Leca points to Apples and Cakes (1873-77), submitted to the Third Impressionist Exhibition in 1877, in which Cézanne chose not to distinguish among foreground, table, or wall while applying a coarse, almost topographic layer to all parts of the composition. It was in part these two distinctions that gave his objects their vibrant qualities. His depictions drew a line between the poles that tugged at French vision: satisfying neither established conventions nor the fleeting impressions of the then avant-garde. Cézanne’s depictions of simple objects are novel in their focus on materiality, giving the intensely modelled subjects a subtle power: they were nothing short of Cézanne’s manifesto on painting itself.
Paul Cézanne, Apples and Cakes (Pommes et gateaux), 1873–77, oil on canvas, 18 1⁄8 × 21 3⁄4 in. (46 × 55.2 cm), Private Collection, Copyright: © Christie’s Images Limited (2005)
Walking through the exhibition one is reminded of the fact that it is nearly impossible to free your mind of the discourse that surround Cézanne’s apples. How could one see them with naiveté? Even to a viewer who has never so much as cracked an art history textbook, their vision has already arrived at the scene informed by the whole history of modern forms that dominate everyday life, to which Cézanne is a Moses-like figure. It is a fragile, contingent vision crowded by the words of Émile Zola, Meyer Schapiro, Roger Fry, even Charles Wright. Approaching the works anew would require the intricate dismembering of the history of modern forms. Despite all this, if you get past the narrative of the tortured artist and the associated hagiography, you might still peer through the views of Cézanne’s studio and get a glimpse of the raw pleasure and unadulterated novelty visible to a 19th-century Parisian. It is this possibility—that this originality so couched in pure form is still readable today—that could be the greatest achievement of Cézanne: that humble scenes of his studio can reset the better part of modernism in one careless, disinterested glance.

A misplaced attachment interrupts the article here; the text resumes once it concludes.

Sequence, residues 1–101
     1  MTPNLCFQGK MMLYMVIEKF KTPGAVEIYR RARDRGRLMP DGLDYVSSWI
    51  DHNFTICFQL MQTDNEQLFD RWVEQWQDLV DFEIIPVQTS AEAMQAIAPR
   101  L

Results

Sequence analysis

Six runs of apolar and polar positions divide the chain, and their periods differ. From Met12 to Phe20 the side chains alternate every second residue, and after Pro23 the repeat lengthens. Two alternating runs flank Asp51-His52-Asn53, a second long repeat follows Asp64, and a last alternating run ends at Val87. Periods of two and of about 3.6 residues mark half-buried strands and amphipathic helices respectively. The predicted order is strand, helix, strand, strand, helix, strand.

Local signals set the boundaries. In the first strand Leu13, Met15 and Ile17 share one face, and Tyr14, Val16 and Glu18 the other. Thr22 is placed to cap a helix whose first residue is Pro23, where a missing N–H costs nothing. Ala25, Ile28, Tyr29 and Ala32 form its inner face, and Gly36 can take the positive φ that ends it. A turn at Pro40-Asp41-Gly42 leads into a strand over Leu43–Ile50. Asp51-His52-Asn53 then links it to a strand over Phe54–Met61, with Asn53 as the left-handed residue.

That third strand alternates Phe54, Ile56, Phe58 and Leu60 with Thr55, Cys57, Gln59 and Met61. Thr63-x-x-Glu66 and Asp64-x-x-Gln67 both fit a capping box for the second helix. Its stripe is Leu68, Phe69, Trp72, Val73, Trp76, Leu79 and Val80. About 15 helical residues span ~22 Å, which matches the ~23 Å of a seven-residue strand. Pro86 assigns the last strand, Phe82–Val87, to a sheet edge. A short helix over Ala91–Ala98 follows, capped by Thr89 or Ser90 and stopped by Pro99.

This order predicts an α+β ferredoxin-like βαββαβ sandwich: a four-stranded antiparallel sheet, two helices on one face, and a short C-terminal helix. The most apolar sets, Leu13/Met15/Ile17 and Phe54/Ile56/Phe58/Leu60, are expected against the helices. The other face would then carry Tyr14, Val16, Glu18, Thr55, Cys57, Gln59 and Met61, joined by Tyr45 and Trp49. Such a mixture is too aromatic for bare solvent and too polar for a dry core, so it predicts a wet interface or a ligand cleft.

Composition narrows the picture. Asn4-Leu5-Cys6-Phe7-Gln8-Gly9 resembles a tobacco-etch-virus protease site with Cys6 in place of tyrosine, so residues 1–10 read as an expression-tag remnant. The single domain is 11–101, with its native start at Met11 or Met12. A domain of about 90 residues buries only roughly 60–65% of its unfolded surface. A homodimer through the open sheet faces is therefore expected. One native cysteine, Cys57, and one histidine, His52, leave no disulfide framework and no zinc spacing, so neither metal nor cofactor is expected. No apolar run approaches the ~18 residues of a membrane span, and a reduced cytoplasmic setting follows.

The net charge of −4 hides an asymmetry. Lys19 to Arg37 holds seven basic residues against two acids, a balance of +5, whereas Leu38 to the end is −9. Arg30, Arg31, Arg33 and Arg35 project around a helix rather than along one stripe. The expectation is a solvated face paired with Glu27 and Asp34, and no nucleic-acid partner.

“The World is an Apple: The Still Lifes of Paul Cézanne” opened at the Barnes Foundation on June 22, and will be on view until September 22, 2014. Its accompanying volume, published by D Giles Limited, is available online and in bookstores.